A Hound Happiest Hunting

Jessica Freni with Cynthia Drake


The Bavarian Mountain Scent Hound is a striking medium sized hound (17-20.5″ and 37-66#) originating in Germany. The breed is currently in FSS status in AKC. I spoke to Cynthia Drake, Oak Hill Kennel. Cynthia was instrumental and very involved in bringing this [the Bavarian Mountain Scent Hound] and two additional breeds, the Porcelaine and Hanoverian hounds to FSS “for the sole purpose of establishing breed information and studbook.”

In 1996, The United Kennel Club recognized the breed for registration. Oak Hill Kennel was the first to register Bavarian Mountain Hounds with UKC, and attain Champion titles in the United States. Through our efforts, in December of 2016 The AKC FSS accepted the Bavarian Mountain Scent Hound into it’s registration. Again, Oak Hill Kennel was the first to register five AKC FSS Bavarian Mountain Scent Hounds in the United States. (Oakhill Kennel website,  https://www.oakhillkennel-deer.com/history-and-health-2)

The Bavarian Mountain Scent Hound (Bayerischer Gebirgsschweisshund) is an increasingly popular hunting dog in the United States for its ability to track wounded game and exceptional “cold nose” skills. A growing choice for game wardens and forest workers valuing the “cold nose” abilities,

This ability allows it to follow a wounded animal by detecting small amounts of blood and bodily fluids, scent found on glands of the hoof and leg, and small amounts of bone and tissue left at the hit site. The Bavarian’s sense of smell is so acute that the breed can distinguish between the injured animal and others of it’s kind  in the field. (Oakhill Kennel website)

Living with a Bavarian Mountain Scenthound is living with an intense, highly active, intelligent, high drive dog with a high prey drive. This is a breed that enjoys being outdoors and having a job, ideally an outlet suitable to its keen abilities. Otherwise, without adequate high, sturdy fencing (not underground electric fencing) and daily exercise/simulation the breed is at risk of escape and being destructive. Though intelligent, the BMH can be stubborn to train and a challenge to housebreak. An unsuitable home for a Bavarian Mountain Scent hound is one looking for a couch potato!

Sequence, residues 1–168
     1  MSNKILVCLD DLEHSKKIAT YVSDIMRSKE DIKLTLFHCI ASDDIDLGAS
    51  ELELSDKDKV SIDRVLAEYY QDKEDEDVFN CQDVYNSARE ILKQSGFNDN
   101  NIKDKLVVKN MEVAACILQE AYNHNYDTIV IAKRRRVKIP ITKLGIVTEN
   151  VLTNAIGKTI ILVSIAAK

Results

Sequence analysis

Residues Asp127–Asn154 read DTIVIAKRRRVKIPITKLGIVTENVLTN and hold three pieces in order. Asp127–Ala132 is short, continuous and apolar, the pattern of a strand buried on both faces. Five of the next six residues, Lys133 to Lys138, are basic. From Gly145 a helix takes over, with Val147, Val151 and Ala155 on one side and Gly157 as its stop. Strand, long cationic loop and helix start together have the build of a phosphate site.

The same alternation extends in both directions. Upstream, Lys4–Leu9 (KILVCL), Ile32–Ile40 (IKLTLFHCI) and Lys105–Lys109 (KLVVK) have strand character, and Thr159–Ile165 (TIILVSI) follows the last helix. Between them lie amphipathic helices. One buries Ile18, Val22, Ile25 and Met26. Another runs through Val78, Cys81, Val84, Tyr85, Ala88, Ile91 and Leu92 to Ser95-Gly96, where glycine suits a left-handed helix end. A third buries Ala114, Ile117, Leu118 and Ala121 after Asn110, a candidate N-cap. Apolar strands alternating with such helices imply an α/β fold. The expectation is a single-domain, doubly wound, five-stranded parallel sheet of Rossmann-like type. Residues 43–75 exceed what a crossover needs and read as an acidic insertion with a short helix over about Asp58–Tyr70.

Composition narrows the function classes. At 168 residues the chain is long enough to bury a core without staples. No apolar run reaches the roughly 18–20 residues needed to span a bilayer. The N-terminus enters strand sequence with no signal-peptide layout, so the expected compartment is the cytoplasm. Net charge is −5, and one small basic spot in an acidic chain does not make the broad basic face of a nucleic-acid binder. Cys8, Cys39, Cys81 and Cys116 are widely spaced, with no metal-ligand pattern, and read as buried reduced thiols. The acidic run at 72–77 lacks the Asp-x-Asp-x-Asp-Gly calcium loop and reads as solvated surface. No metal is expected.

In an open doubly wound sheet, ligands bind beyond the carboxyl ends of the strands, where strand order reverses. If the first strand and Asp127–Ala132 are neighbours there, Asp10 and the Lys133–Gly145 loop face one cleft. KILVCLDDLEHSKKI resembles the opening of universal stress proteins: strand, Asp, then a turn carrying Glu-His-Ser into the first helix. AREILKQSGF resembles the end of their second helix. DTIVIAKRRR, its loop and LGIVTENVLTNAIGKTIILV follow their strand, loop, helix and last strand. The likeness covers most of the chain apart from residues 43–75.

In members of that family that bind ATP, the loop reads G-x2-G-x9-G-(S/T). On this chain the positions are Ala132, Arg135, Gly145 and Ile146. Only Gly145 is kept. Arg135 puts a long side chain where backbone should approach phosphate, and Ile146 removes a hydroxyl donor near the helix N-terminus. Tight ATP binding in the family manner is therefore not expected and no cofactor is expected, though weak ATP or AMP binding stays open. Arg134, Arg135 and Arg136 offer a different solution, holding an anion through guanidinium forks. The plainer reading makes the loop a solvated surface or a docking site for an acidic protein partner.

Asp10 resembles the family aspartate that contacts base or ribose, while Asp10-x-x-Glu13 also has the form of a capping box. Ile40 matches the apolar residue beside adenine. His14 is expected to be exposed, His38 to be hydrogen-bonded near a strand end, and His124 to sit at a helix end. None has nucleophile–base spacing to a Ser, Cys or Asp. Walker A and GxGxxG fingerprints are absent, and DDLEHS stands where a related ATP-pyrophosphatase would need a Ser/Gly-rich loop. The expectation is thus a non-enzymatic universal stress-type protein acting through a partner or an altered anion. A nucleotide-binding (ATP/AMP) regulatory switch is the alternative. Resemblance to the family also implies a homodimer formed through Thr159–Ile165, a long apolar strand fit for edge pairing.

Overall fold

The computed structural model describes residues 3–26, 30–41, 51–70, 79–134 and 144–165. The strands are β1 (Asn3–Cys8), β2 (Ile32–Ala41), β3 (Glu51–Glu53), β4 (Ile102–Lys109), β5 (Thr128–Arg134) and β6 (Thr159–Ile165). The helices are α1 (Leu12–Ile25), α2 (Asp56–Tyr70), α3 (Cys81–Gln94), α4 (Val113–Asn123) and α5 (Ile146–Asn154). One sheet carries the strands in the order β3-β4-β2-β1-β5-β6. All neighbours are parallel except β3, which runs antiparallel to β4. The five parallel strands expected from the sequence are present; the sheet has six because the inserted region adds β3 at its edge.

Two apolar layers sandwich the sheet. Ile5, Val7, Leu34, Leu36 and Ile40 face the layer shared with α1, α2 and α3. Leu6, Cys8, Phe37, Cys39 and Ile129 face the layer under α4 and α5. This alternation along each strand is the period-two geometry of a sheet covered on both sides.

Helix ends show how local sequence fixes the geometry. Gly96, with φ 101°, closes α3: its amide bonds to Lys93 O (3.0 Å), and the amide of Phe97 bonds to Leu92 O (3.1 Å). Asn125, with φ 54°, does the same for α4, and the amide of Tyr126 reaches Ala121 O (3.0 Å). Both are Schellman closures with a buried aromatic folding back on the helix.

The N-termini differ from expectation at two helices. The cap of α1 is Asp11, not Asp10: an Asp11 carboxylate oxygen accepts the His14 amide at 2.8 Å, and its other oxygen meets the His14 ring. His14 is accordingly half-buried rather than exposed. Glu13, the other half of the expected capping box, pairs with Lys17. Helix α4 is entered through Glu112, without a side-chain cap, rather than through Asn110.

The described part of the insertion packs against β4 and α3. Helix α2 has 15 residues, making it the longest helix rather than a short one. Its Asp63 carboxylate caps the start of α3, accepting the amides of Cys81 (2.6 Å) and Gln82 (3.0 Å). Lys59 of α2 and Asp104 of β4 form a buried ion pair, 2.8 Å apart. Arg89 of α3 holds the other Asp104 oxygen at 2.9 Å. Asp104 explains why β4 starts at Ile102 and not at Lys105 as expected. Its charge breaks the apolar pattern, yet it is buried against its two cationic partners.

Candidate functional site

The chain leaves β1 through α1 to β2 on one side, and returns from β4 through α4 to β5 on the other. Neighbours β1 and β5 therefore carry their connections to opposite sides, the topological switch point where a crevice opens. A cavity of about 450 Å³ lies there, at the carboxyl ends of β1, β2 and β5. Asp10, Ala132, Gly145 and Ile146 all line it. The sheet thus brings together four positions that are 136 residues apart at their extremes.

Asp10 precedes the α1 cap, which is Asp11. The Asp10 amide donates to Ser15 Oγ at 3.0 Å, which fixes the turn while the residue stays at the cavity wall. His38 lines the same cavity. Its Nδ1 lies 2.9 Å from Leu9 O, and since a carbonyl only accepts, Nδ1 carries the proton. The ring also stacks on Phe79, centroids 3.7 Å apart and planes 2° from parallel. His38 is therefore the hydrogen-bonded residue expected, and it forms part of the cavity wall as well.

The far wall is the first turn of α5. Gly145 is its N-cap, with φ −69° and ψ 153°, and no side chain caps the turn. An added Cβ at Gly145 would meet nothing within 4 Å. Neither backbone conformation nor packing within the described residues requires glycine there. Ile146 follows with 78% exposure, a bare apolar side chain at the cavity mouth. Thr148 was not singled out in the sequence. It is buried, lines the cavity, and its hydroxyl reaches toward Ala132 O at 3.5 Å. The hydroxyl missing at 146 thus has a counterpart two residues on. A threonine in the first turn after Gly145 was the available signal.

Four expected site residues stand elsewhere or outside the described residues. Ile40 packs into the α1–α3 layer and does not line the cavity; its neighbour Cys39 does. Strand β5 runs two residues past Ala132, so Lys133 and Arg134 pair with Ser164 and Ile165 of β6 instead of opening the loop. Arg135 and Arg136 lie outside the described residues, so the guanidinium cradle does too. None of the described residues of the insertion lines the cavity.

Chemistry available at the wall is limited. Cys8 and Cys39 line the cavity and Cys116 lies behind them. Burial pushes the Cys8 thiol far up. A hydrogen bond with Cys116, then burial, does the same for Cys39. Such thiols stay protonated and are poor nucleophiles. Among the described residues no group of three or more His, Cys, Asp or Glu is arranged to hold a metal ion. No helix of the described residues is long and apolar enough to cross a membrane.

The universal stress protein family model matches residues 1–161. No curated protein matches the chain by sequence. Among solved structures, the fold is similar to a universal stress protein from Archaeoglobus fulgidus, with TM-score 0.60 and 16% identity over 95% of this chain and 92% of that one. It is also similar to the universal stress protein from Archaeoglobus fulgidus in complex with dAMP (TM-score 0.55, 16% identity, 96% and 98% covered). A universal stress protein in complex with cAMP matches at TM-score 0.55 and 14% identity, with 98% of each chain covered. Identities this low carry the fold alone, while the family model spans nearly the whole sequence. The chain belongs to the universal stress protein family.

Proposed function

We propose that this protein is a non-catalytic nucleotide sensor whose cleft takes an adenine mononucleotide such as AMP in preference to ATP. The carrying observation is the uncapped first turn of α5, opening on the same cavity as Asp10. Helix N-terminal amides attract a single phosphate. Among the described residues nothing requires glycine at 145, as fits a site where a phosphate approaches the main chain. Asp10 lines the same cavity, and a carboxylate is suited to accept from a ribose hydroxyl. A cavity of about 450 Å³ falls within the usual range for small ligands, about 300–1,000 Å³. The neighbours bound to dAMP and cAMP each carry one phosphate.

While the Bavarian Mountain Scenthound is a seriously skilled tracking dog, it is not ideally a kennel dog as it is also a sensitive breed which forms very strong bonds with their owners. According to Cynthia, “The Bavarian Mountain Scenthound can be extremely devoted. It is not uncommon to have your dog crave being by your side at all times. Our male dogs sleep with us in bed at night. This closeness aids in building a working relationship for future tasks in the field.”

First and foremost this is a Specialist Tracking Breed, that some would say is suited ONLY for the most active and dedicated wounded game tracking home. And although I agree that this breed is that, I strongly disagree that they should NOT to be used for other purposes. I regard this breed highly suited for Police work, SAR, Man Trailing, Medical Alert/Therapy/Service, Hunting, Show, and Companionship.

 Those considering the addition of a Bavarian Mountain Scenthound should know that though this is a generally healthy and long- lived breed, there are considerations regarding health and temperament. The Bavarian Mountain Scenthound needs early, positive socializing or may be prone to anti- social, reserves with strangers or fear based behaviors as adults. Average life expectancy is 12-15 and this is a fairly healthy breed with primary concerns being idiopathic epilepsy and hip dysplasia (Idiopathic Epilepsy remains difficult to diagnose and currently there is no test or cure available). Other American breeders have also reported instances of Addison’s disease.

In a word of closing from Mrs.Drake, recently retired from breeding, “I gathered most of my information from trips I made to Germany and Poland. I met with reputable breeders and spokespersons for the breed…I want to make something quite clear to you.  This is NOT a breed for everyone.  This is a working breed with a limited pool of potential owners. And with any new or beautiful or interesting breed that is paraded in front of eager puppy buyers wanting something rare or different – my greatest fear is this breed will inevitably fall into the wrong hands, be mass produced, end up on some puppymill internet site, and eventually in animal shelters or rescues.”